We performed Quantitative Real Time-Polymerase Chain Reaction (qRT-PCR) on Duroc data with three probe sets and Yorkshire data with one probe set to confirm the array data. Total RNA from the laser capture microdissected cells was isolated as described above. The first strand cDNA synthesis was generated using SuperScript™ III First-Strand Synthesis SuperMix for qRT-PCR (Invitrogen, Carlsbad, CA). Purified total RNA was added to RT Enzyme mix and 2 × RT Reaction Mix according to manufacturer instructions, followed by incubation at 25°C for 10 minutes, at 50°C for 30 minutes and terminated at 85°C for 5 minutes. After treatment with E. coli RNase H, cDNA was either stored at −20°C or used immediately for PCR.

Polymerase Chain Reaction Primer Design

Affymetrix has identified Probe Selection Regions in the 3′ ends of transcripts, which are frequently contained within the last exon of genes. To choose the primers from the exon–exon junctions, the regions of mRNA that include nucleotide sequences from the 5′ border of one exon and 3′ border of the neighboring exon, we blast-searched the specific areas of the gene sequence on NCBI Blast. The primers were designed by the Primer3 website ( and synthesized by Operon Biotechnologies (Huntsville, AL) (Table 1). None of the GAPDH probe sets were differentially expressed and, therefore, GAPDH was used as the internal calibrator for equal RNA loading and to normalize relative expression data.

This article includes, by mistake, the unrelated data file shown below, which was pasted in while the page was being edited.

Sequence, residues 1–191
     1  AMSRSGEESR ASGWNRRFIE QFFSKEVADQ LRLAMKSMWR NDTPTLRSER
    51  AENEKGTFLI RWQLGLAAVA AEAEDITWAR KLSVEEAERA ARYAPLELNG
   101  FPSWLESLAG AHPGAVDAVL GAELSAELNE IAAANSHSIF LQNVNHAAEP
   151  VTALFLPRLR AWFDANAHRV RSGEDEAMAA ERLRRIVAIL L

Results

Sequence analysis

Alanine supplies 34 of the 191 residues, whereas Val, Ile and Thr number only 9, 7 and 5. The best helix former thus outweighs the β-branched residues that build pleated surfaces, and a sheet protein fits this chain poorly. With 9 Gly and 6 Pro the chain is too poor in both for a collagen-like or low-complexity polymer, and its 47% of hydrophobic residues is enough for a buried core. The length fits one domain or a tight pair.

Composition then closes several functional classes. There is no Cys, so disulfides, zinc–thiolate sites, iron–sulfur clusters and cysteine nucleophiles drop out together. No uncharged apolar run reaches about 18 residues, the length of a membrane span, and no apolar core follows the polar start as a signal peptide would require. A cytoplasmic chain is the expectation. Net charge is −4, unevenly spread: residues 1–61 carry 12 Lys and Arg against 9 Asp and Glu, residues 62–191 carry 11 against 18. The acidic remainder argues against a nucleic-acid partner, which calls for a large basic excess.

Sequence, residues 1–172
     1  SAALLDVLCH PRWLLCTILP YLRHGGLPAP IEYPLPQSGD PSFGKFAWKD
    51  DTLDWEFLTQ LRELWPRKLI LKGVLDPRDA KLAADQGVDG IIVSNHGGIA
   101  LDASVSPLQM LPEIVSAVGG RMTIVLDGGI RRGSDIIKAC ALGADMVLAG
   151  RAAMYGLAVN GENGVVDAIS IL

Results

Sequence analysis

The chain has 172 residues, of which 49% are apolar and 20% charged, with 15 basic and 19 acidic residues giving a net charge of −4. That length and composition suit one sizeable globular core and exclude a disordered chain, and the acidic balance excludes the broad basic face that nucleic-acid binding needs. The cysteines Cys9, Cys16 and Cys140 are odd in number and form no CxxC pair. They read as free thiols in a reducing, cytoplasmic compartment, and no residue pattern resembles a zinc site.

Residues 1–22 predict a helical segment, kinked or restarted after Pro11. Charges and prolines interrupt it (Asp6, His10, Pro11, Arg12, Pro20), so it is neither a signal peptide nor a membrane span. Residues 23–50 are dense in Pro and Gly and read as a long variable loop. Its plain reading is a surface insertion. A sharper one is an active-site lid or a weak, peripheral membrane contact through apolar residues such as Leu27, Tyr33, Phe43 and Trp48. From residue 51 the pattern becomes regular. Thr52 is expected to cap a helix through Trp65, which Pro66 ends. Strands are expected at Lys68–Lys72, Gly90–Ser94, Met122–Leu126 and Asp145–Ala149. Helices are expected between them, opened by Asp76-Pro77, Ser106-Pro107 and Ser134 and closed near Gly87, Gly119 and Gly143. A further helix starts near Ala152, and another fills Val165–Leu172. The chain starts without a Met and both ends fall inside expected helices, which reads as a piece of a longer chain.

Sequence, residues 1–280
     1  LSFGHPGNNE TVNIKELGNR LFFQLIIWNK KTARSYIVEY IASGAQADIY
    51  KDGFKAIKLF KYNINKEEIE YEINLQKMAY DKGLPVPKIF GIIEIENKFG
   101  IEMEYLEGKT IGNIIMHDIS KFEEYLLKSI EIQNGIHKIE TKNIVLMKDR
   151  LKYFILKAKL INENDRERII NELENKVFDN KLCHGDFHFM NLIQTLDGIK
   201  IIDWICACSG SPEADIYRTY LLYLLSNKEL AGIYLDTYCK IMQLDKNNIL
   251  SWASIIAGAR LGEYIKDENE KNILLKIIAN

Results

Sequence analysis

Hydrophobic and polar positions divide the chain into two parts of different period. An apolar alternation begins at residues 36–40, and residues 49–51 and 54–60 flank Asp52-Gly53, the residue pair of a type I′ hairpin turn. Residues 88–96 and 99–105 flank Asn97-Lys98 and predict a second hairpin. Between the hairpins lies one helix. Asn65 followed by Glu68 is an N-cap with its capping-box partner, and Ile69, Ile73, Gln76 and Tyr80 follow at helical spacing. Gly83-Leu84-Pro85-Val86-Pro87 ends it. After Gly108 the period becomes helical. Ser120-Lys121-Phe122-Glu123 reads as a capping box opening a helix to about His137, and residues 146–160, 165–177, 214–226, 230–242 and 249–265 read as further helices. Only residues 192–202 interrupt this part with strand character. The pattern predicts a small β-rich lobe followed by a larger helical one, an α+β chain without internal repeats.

Table 1
Primer sequences for qRT-PCR

Quantitative Real Time RT-Polymerase Chain Reaction

Q-PCR was performed using SYBR®Greener™ qRT-PCR SuperMix (Invitrogen, Carlsbad, CA) according to manufacturer instructions in an ABI Prism 7900H sequence detection system (Applied Biosystems, Scottsdale, AZ), using 384-well microtiter plates. All samples were run in triplicate. The amplification conditions were (stage 1) 95°C for 10 minutes and (stage 2) 50 cycles at 95°C for 15 seconds, annealing at 60°C for 30 seconds, and extension at 72°C for 30 seconds. The final cycle (stage 3), a melting-curve analysis verified the specificity of the PCR reaction. The copy ratio of each analyzed cDNA was determined as the mean of three experiments. The qRT-PCR data were quantified using relative quantification (2-ΔCT) method as described.47 Negative controls comprised of primers without sample did not produce amplicons.